It’s been one month since I began my journey at forest school, and I must say, it has been quite the adventure! Having worked in what many call “traditional” childcare settings, this was a new change for me. My days used to be filled with scripted activities and following the clock. At forest school, I have been able to be a part of an organic daily flow that allows children the time and space to explore their curiosities and inquiries on a time that works best for their learning journey. There are so many possibilities when children are given the time to engage all of their senses in outdoor spaces. Their senses are stimulated, they are tuned-in to the natural world around them, and they are so excited, curious, and engaged in the natural world that is right at their fingertips!
With minimum transitions, the children’s play is uninterrupted, which allows for a deeper connection to the materials and play that they are partaking in. Together we climb on logs and discover a family of pill bugs. The children’s eyes light up with excitement and curiosity. The climbing is forgotten for now, and the pill bugs have taken the spotlight. They watch them closely as they scurry into different holes in the log and roll up into tiny balls. The children ask where they have gone and wonder if maybe this is their “home”. How fascinating that this log they love to climb is also loved by these tiny creatures who call it home! But it’s rainy, and the children are worried these bug friends will get wet, saying “oh no! Bug get wet! I help!” Without even knowing it, they have developed a sense of empathy for these tiny creatures and want them stay dry. They begin looking through the forest, collecting leaves, twigs, and woodchips to build a shelter for their new bug friends. Their focus deepens as they construct mini shelters to keep the bugs dry.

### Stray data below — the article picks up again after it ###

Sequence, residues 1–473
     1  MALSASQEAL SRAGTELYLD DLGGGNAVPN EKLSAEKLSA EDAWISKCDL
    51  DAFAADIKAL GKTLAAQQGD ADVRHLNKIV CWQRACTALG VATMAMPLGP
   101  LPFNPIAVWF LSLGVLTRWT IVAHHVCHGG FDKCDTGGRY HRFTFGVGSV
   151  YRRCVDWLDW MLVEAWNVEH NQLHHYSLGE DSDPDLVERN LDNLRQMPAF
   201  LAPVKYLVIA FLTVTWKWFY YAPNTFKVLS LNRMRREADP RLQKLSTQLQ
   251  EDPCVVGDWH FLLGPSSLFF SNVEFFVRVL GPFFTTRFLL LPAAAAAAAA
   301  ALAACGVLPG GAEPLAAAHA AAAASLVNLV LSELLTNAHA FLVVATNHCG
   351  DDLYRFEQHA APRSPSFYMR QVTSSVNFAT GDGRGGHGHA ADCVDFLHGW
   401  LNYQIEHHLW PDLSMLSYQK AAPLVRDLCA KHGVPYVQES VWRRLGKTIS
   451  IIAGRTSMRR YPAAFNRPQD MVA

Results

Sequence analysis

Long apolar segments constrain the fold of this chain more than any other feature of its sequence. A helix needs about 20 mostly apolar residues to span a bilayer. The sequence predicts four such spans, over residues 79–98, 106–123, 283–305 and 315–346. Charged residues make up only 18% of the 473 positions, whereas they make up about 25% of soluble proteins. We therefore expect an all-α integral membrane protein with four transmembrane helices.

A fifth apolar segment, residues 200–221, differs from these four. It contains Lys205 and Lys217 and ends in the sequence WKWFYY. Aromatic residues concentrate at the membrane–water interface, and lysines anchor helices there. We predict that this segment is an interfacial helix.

This one small moment has allowed children to become invested in their learning without even realizing it is happening. They have discovered where pill bugs live, how to be resourceful and collect materials needed to build, they have learned to brainstorm, work as a team, make plans, and put those plans into action, and even how to construct shelters. They have become empathetic to their new bug friends and want to help where they can.They have formed a relationship and connection to the bugs, natural materials, the forest, and the land itself. Most of all, a spark has been lit, one in which they are excited and curious to learn more and be a part of nature together. The day flows, we learn together, play together, and be a part of nature together. Their play is not interrupted, but instead encouraged, extended, and supported. I can’t wait to see what the next month brings!
Stay curious my friends!